Gregory Rusovich, chair-elect of Greater New Orleans Inc., and Suzanne Mestayer, chair of the Business Council of New Orleans, were among the community leaders on hand to welcome the Baton Rouge paper into the market. "Economically, our region has the hot hand," Rusovich told the crowd, adding, "We deserve a daily paper, and thanks to The Advocate and the Manship family, we will have that daily newspaper."
Advocate publisher David Manship was there to introduce the staff of the New Orleans bureau, all of whom were former Times-Picayune staffers: bureau chief Sara Pagones; reporters Kari Dequine Harden, Danny Monteverde and Allen Powell; photographer John McCusker; sportswriter Ted Lewis; and Sara Barnard, head of sales for the New Orleans bureau. Carl Redman, executive editor for the Baton Rouge paper, was also on hand. In the back of the room were former T-P columnist Angus Lind and former City Hall reporter Frank Donze, both of whom had stopped by to check out the scene.
"It's exciting and nervewracking all at the same time," Monteverde said. "I think we'll do well, though it may take us a while to get our land legs."
In response to the cutbacks at The Times-Picayune, the Advocate of Baton Rouge has opened a bureau and will begin printing a New Orleans edition Monday. Now — en garde, y'all! — the T-P strikes back, announcing it will expand its Baton Rouge bureau and begin distributing a Red Stick version of the T-P, as well as create a Baton Rouge-focused landing page for NOLA.com:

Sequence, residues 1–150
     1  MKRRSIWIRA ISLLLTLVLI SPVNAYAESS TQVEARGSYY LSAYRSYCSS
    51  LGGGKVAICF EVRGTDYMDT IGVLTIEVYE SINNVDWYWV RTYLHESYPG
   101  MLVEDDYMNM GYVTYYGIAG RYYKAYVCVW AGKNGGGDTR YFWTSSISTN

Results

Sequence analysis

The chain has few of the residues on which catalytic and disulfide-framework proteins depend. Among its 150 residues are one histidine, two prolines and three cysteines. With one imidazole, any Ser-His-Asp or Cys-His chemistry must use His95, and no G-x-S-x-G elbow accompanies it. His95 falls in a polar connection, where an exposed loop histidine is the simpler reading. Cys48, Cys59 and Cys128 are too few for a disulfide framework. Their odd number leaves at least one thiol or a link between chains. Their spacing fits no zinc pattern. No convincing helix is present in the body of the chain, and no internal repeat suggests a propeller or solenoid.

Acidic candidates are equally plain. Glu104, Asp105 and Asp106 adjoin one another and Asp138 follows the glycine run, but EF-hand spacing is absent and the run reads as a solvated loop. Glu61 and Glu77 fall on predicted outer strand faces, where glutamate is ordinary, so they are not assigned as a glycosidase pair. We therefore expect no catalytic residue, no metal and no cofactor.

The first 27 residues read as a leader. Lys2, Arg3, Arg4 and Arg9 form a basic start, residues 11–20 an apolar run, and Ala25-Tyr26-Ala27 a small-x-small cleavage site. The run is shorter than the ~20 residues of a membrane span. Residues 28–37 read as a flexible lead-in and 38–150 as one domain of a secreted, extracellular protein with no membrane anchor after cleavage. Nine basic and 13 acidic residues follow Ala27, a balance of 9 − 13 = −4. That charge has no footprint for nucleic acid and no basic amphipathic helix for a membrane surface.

A customized Baton Rouge version of the NOLA.com website and a Baton Rouge edition of The Times-Picayune, as well as targeted home delivery in the Baton Rouge metro area will be in place by the end of the year, said Ricky Mathews, NOLA Media Group president. The company will also make available for purchase in Baton Rouge the new "Black and Gold Extra" publication to be printed after Saints games on days The Times-Picayune doesn't publish a print edition. The Black and Gold Extra launches Oct. 1 with complete coverage of the Saints game against the Green Bay Packers and other NFL coverage.
The Baton Rouge managing editor will be Carlos Sanchez, a veteran journalist who may be able to feel the pain of all the fired Times-Pic employees — he was laid off as editor of the Waco Tribune-Herald in Texas last year.
Advocate publisher David Manship is said to be in meetings right now; we'll update this post with his reaction.
UPDATE: Here's Manship's statement on the move:
"The Advocate will begin home delivery of its New Orleans edition throughout the metropolitan regional area on Oct. 1. We are excited to provide a printed, local daily newspaper to the New Orleans area — and the response we have received to date has been very strong.